April 20, 2024

4 Convicted of Mail Fraud in Tax Shelter Case

The verdict ends a 10-week trial that featured a parade of wealthy Americans who told how they had avoided taxes through the complex investment instruments the defendants created. The government said the defendants had made $130 million in illicit profits in a 10-year scheme.

Nanette Davis, an assistant United States attorney, said in her closing argument that those who had benefited from the tax shelters included some of the “most well-heeled, richest investors in the world.” They included the late sports entrepreneur Lamar Hunt, trust fund recipients, inventors, a grandson of the late industrialist Armand Hammer and people who built fortunes in real estate or family businesses.

Among those convicted was Paul M. Daugerdas, 60, of Wilmette, Ill., a lawyer who prosecutors said was the mastermind of the scheme. He was the former head of the Chicago office of the Jenkens Gilchrist law firm and its tax practice. The other lawyer convicted was Donna M. Guerin, 50, of Elmhurst, Ill., who worked at the same office as Mr. Daugerdas.

Also convicted were Denis M. Field, 53, of Naples, Fla., the former chief executive and chairman of the accounting firm BDO Seidman and the former head of its national tax practice; and David Parse, 49, of Elmhurst, Ill., a former Deutsche Bank broker. One accountant, Raymond Craig Brubaker, 55, of Plano, Tex., was acquitted.

Sentencing was set for Oct. 14. All four face sentences that could exceed 20 years in prison.

Preet Bharara, the United States attorney, said the tax fraud “was stunning in scope” and cheated the I.R.S. out of millions of dollars in revenue.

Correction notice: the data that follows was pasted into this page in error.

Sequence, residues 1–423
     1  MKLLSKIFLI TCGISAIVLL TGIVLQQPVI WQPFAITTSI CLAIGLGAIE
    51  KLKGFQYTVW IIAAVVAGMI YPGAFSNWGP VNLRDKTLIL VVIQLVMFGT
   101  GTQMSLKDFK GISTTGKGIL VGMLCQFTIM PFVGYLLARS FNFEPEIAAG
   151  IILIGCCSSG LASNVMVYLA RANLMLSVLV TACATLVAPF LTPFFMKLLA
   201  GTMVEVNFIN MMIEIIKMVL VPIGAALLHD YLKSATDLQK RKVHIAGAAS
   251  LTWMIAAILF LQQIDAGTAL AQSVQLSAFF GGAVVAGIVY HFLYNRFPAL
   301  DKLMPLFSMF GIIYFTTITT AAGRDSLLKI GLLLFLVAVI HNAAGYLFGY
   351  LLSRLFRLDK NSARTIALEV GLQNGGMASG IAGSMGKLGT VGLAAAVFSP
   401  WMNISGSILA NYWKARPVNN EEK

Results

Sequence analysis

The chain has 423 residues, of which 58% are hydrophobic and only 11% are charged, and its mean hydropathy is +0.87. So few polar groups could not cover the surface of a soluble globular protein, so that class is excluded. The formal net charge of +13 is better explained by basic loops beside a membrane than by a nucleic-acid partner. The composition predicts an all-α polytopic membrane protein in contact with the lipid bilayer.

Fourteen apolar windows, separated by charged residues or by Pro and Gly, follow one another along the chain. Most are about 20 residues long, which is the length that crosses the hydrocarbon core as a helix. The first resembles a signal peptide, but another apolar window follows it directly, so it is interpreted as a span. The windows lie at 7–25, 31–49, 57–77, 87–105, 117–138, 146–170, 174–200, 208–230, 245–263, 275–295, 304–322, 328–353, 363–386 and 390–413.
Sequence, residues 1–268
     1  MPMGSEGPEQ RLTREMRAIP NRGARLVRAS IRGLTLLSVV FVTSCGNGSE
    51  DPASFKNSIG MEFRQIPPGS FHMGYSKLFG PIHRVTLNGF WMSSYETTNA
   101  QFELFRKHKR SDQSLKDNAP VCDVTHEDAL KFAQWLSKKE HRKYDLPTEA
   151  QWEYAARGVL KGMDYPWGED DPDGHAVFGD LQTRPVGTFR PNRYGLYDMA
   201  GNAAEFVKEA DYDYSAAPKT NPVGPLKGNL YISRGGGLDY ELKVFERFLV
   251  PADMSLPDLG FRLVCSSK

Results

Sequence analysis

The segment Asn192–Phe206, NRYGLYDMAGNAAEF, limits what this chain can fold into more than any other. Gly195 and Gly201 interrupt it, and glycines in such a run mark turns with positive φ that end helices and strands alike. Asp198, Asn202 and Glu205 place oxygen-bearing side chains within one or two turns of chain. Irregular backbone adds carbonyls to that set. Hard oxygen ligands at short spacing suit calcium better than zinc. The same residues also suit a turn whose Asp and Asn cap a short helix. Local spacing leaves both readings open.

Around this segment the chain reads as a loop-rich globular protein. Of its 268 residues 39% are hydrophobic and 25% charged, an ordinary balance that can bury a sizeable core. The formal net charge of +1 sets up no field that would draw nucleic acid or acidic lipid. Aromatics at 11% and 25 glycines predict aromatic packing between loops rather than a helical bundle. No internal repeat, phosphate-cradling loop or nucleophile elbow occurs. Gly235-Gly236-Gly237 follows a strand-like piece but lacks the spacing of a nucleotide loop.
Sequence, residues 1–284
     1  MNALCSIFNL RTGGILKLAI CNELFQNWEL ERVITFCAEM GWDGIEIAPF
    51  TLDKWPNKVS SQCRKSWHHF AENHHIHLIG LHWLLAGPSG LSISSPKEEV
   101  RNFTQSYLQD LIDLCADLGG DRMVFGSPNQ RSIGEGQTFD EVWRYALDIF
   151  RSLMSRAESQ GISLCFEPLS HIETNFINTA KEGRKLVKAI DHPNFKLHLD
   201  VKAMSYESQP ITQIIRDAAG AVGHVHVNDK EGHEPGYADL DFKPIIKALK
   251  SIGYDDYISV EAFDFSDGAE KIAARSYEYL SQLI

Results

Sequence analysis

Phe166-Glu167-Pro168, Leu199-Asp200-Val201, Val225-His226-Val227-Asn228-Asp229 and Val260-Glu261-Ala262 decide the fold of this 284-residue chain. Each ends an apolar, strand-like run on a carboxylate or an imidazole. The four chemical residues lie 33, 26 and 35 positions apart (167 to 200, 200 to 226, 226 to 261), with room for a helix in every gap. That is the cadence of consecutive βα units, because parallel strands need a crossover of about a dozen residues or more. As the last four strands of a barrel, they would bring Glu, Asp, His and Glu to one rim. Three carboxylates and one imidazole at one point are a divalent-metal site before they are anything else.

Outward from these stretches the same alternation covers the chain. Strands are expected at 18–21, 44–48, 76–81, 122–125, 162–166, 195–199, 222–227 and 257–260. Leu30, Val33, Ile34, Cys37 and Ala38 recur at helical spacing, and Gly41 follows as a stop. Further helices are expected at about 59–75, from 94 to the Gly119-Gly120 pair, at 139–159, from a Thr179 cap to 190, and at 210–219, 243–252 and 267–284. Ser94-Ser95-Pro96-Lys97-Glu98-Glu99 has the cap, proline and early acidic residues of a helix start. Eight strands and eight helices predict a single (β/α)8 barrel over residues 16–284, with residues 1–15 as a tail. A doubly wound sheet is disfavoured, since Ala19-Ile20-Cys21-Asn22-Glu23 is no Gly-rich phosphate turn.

Prosecutors said Mr. Daugerdas made $95 million through the sale of the shelters and then reduced his income from the shelters to less than $8,000 so he could evade paying taxes.

Defense lawyers argued during the trial that their clients had not thought that what they were doing was wrong.

Ms. Davis said the fraud relied on a pattern of lies, including false information about what the tax shelters were and how they worked, lies in formal opinion letters, backdated transactions, false information in files prepared for the I.R.S., lies to the I.R.S. during audits and the coaching of clients to lie.

The trial featured testimony by 24 tax shelter clients and five former colleagues of the defendants, including four who had pleaded guilty in the case.

Ms. Davis said that Mr. Daugerdas would have had to pay more than $32 million in taxes on his $95 million in profits, but with the shelters managed to pay only a few thousand dollars in taxes.

Charles Sklarsky, the lawyer for Mr. Daugerdas, argued that his client was a lawyer “who pushed the law, who took aggressive positions that the I.R.S. didn’t like.”

Mark Rotert, the lawyer for Ms. Guerin, said the facts of the case “scream out that what she was doing was how a tax attorney makes a living.”

Article source: http://feeds.nytimes.com/click.phdo?i=f7df484e6fa96899a72ed5435251ecef

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